Back Pain While Flying - How to Avoid It!
Since I've been spending quite a bit of time on airplanes lately, and
with the Labor Day holiday approaching, the first thing that came to my
mind while writing an article for the Athletic Edge blog, was back pain
while flying, and how to avoid it.
Even with all of the major airports in the Bay Area (San Francisco, San
Jose, Oakland), there are still long flights, connections, delays, and
Lower back pain is prevalent among our society. Eighty percent of the
population will experience a debilitating episode of back pain sometime
in their life, with the most common cause being mechanical (joint or
muscle related). Your body faces daily stresses and can accumulate to
the point where you develop symptoms, i.e. pain! Regular maintenance
massage care will help to reduce daily stresses and can serve as a
preventative measure to back pain. But it helps too if we take
precautionary measures especially while traveling. Dragging around heavy
luggage, slouching in airport chairs and sitting for long flights can
turn a trip into a pain. The spine was designed to move, not sit still
for hours in planes or cars.
Even though flying is notorious for exacerbating back problems, there
are a few steps that you can take to surviving long flights.
Primarily, the preparation work should begin at home, before you even go
to the airport. If you suffer from any kind of back pain, try to pack
as lightly as possible. Having to carry a lot of heavy luggage is a
very easy way to re-injure your back. Even after you've finished
packing, double-check to make sure that there aren't any items that
you've packed that you can't do without for a few days. Use your entire
body to turn when lifting heavy luggage. Pivot with your foot, not your
back, so that the whole body moves rather than twisting your spine.
Although we all hate baggage fees, once you get to the airport, try to
check in all of your bags. Southwest, which flies out of all Bay Area airports, will still allow you to check bags
without fees. A small carry-on is fine, as long as you won't have to
store it in the overhead bin during your flight(s). The process of
putting a bag in an overhead bin is extremely dangerous to one's back,
as is the process of retrieving the bag at the end of the flight.
Additionally, if you're stuck in the economy seats, try to either get an
exit row or an aisle seat during the flight. Aisle seats will give you
more wiggle room and more freedom, and exit row seats will give you
more leg room. If you feel your back tightening up while on the flight,
walk up and down the aisle a few times. Stretch and move around every
20 to 30 minutes, or at least every hour or two. Walk to the back of
the plane, do heel raises, side-bend stretching, and marching in place
can reduce stiff muscles and help curb inflammation. Consider bringing a
doctor's note and alert the flight crew prior to boarding that you have
a back condition, and may need to move about more often than other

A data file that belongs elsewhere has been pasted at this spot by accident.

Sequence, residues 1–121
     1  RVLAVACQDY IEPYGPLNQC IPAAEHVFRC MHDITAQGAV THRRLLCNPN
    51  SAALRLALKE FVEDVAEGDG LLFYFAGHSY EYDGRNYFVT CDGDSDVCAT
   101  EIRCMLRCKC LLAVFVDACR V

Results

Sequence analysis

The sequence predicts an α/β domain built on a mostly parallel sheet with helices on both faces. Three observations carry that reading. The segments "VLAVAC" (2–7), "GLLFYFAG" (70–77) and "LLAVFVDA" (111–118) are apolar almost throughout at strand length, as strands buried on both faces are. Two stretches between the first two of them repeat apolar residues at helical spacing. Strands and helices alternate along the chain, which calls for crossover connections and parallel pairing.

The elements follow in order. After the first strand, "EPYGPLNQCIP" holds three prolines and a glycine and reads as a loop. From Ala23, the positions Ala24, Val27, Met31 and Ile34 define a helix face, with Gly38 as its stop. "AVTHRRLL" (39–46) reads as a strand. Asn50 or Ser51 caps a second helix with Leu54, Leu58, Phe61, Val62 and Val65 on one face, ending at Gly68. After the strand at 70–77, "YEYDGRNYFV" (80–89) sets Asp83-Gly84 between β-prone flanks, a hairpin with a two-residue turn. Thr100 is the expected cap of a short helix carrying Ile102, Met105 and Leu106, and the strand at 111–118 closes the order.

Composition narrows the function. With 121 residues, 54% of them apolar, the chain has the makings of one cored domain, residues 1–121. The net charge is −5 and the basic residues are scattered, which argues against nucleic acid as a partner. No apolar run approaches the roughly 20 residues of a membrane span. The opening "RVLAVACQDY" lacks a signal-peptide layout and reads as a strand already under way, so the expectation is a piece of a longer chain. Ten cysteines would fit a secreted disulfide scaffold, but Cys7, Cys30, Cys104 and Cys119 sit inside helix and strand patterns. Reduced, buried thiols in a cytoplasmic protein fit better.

Try to book a flight for a time of day when the plane is more likely to
be on the empty side. If there are any empty rows, ask to be moved to
one so that you can lie down across the seats - this will help to keep
the pressure off your back.
Use good posture. Airline seats are not made for correct posture, or to
keep you from being in pain, they are made to fit as many people on the
plane as possible. The airline seats often force your lower back into
an unnatural, stressful position. Bring a back roll or pillow to put
behind your back to keep your spine straight and prevent slouching. This
will alleviate pain and pressure from your back. If you're on the
shorter side, bring something that you can use to prop up your feet, so
that you can keep your knees and hips at a right angle.
Bring gel packs that can be heated or frozen (I would recommend one of
each). These are great for treating swelling, sore muscles, back pain,
and even headaches. Make sure to have a doctor's note for your back
condition in case airport security gives you any issues with the gel
pack (if they are over the 3 oz. limit). Medically necessary items over
the 3 oz limit are permitted through the security checkpoint, but you
will need a note from your doctor.
If you are really prone to back pain during flights, be proactive. I
would recommend getting a massage within 24 hours before any long
flight, and if possible, again after your flight. If you have chronic
back pain, you might want to see your doctor and have them prescribe a
pain reliever before getting on the plane. OTC pain killers like
acetaminophen and NSAIDs, or prescription drugs like narcotics or muscle
relaxants, can help take the edge off during and after the flight.
Again, a letter from you doctor stating your need for any prescription
pain medications will help with possible airport security issues, and
always be sure to keep medications in their original bottles.
Also, drinking a lot of water before and during your flight can help
your body to stay hydrated, and keep the oxygen circling throughout your
different muscle groups.
I've thrown my back out... Now what?!? Ice the site of the injury as
soon as possible. Apply ice for 15-20 minutes. The reason that ice is
better than heat in this situation, is that it constricts the blood
vessels and limits the amount of blood flowing into the site of the
injury. This will help to reduce swelling and pain at the site, ice will
also serve to numb the area. After several days of ice application,
you can start to use heat to help heal the area.
So, next time you're about to travel, keep the above points in mind. Safe and happy travels!